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Columns

  • Community failed student for trying to prohibit religious song

    "Christian Songs Get OK'd at Schools' Talent Show."

    Among all the day’s global headlines—the latest from Libya, earthquake relief in Japan and the anticipated premiere of “Dancing With the Stars”—this one caught my attention.

  • Signs of the times in Calabash

    Just when you think everything is hunky-dory in the Seafood Capital is usually when a new issue crops up to keep Calabash-ians (and reporters) on their toes.

    Some people there think it’s not enough to have a cute neon restaurant arrow or big gift-shop sign memorializing the town once called Pea Landing.

    Leaders, heavy on the merchant side, are feeling the town could do better—has done better—back in the golden days when it had a few big, honkin’ “Calabash Seafood” signs and restaurants lining Beach Drive.

  • Sometimes getting public access is more difficult than it should be

    I cut my journalism teeth working in a small, rural Kentucky community where generations of my family were born, went to school, worked and died.

    I rarely went out without having to talk about my last name, what part of the county I lived in and where I grew up. 

  • Celebrate today

    Most weeks I consider my job more fun than work. But there are weeks I question my career choice.

    No one wants to write the story of a town grieving for the loss of a much loved public figure, or of a fire that destroyed two small businesses and severely injured a man, or about a bicyclist run over by three cars on U.S. 17, or about a family of four dying in a car wreck. But writing these types of stories comes with the job. Unfortunately, last week they were all in the paper—it was a sad news week.

  • Happy Sunshine Week from behind the (freedom of information) battle lines

    Is it really that time of year again? My, how times flies.

    It’s Sunshine Week. Besides being my favorite time of the year, Sunshine Week is a week each year created to celebrate freedom of information and your right to know.

    Started (suitably) by a group of news editors in Florida in 2002, Sunshine Week was taken over by the National Society of News Editors in 2003, and the rest, as they say, is history.

    This week, hundreds of news organizations and community groups celebrate the public’s right to know during the weeklong celebration.

  • We’re looking for interesting Brunswick Countians to tell their stories

    When was the last time you sat down with a friend, neighbor, classmate or fellow churchgoer and thought, “Wow, what an interesting person!”?

    When was the last time you had a chat with someone and their life story was so interesting you couldn’t wait to share it with the next person you spoke with?

    Has there been a person in the community who has shared his or her life experiences with you and you’ve thought, “Man, someone should write this down.”

    Well, that’s exactly what we want to do.

  • Bus tour of Sunset Beach brings new parking rules

    Bumping along on a bus on unpaved roads with town council isn’t anyone’s idea of a thrill ride. At least not mine.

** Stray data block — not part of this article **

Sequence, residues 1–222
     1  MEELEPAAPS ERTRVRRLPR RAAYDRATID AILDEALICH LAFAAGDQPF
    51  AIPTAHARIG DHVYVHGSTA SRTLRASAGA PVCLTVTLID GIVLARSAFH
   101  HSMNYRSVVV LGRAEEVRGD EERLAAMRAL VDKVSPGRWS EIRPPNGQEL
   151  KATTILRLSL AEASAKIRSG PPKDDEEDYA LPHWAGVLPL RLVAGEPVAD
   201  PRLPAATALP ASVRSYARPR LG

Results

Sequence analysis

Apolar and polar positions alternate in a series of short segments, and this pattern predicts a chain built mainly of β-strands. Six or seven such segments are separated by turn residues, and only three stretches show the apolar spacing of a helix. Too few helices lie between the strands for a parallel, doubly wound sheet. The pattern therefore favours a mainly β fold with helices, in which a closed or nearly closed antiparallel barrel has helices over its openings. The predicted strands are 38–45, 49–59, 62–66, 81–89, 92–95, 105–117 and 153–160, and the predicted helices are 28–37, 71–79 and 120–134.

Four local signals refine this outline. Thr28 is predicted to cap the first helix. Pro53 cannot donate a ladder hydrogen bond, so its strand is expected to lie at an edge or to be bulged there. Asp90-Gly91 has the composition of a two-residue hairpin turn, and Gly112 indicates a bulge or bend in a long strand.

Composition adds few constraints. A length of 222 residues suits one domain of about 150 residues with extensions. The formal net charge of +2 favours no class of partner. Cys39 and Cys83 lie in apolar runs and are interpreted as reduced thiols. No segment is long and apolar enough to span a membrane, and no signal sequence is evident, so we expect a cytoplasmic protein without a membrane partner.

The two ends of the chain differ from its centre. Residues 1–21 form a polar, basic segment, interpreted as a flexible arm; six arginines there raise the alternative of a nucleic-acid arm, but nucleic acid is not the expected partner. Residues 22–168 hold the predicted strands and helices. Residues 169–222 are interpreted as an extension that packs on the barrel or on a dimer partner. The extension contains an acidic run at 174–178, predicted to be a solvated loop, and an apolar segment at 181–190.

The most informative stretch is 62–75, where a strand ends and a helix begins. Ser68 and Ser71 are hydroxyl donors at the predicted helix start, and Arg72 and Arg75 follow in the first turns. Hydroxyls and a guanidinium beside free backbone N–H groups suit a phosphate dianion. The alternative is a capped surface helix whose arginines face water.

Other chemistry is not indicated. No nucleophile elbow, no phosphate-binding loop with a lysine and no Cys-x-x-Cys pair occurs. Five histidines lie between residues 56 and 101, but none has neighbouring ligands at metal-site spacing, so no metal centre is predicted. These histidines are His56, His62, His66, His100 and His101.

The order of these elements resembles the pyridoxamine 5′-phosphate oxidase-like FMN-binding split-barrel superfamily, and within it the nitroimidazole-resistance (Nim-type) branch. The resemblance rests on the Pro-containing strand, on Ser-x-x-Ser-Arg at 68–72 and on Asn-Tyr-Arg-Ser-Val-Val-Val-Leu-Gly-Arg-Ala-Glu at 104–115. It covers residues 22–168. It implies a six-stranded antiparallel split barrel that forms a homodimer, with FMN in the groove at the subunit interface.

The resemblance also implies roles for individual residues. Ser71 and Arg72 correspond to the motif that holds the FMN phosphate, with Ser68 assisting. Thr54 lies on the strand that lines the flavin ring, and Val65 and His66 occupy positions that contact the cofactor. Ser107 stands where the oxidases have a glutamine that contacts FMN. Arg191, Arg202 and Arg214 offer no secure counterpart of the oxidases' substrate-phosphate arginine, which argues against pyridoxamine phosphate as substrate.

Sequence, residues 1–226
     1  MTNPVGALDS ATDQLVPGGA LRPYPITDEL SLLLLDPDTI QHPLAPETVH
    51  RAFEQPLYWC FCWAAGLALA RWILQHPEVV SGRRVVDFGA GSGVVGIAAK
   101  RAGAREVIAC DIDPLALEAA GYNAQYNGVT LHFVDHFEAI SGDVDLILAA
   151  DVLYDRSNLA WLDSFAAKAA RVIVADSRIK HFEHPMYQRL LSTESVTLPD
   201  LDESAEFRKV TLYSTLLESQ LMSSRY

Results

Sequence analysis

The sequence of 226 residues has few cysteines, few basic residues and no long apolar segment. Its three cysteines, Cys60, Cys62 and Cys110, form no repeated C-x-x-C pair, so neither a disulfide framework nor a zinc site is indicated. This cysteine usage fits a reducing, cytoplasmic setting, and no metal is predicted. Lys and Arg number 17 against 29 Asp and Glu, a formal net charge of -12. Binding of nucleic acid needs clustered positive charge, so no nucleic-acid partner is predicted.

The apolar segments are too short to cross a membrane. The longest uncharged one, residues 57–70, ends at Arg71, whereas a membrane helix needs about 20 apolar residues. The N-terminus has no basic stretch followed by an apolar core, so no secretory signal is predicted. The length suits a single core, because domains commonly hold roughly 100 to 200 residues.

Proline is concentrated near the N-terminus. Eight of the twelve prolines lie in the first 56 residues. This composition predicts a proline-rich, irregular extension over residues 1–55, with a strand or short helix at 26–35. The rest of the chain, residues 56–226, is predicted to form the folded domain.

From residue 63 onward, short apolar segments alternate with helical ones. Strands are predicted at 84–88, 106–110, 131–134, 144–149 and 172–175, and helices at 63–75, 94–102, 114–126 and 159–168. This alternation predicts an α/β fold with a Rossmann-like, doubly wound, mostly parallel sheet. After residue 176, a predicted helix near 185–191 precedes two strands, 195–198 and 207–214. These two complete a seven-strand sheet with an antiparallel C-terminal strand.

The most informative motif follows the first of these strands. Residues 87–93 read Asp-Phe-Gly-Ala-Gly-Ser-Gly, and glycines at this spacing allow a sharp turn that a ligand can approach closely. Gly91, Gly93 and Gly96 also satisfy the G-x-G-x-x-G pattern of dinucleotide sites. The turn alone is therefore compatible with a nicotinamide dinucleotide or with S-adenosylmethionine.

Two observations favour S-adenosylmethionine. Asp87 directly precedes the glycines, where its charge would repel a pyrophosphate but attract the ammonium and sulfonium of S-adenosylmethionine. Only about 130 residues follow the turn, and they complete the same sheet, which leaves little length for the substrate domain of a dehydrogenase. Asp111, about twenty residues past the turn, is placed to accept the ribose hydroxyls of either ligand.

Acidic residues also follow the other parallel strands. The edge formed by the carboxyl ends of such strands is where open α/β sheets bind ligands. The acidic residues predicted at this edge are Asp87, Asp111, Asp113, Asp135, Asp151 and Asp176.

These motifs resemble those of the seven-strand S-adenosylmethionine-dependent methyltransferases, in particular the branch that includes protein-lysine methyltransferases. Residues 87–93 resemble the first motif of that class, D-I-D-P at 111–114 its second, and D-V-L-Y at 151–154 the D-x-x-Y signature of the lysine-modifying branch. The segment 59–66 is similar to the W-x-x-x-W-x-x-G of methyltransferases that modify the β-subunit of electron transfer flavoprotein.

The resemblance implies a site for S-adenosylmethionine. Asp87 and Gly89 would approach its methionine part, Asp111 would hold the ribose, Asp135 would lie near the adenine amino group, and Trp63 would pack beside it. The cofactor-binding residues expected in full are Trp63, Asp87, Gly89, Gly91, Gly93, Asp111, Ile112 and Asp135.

And if it were thrilling, it probably wouldn’t be allowed, because amusement rides aren’t part of the Sunset Beach island landscape.

    But council wanted to take a closer look at the parking sites it was about to prohibit. Hence, as part of a specially called meeting with the council-appointed beach parking committee on the morning of Feb. 18, members boarded a Sea Trail shuttle bus and headed for the island.

  • Donate prom dresses and accessories to help local girls in need

    The blue one was special because it made me feel elegant.

    The yellow one with rhinestones had a full skirt and made me feel like a princess.

    I initially didn’t want to try on the pink one because it didn’t have enough sparkle, but once my mom convinced me to, I never wanted to take it off.

    Even though I haven’t worn any of my prom or formal dresses for about a decade, I will never forget the feeling when I first put them on or how they looked in the pictures or the memories made while wearing them.

  • Earthquake? Sonic boom? Seneca guns? Nope, just Smith Avenue

    My office is violently shaking while I write this. 

    If I weren’t so accustomed to it, I may worry it were an earthquake. 

    If I weren’t so used to it, I may wonder if some jet just left a sonic boom in its wake.

    If I weren’t so familiar with my monitor shaking while I read and write, I might be more interested in trying to find out exactly what the Seneca guns are and why they fire so frequently in Brunswick County.

  • Sorry, Charlie. Your owner’s got to do this one on her own

    N.C. Gov. Bev Perdue thinks you’re dumb.

    Well, maybe that’s a little extreme. Let’s put it this way: Perdue thinks her dog Charlie is smarter than you.

    I’m guessing by now I’ve not only gotten your attention, but probably ticked you off a little bit, so let me explain.

    On our fair governor’s website, there’s a new tool—more like a game, really, in which you, along with Perdue’s best canine friend Charlie, can do what Perdue and her Democratic henchmen cannot—balance the state budget.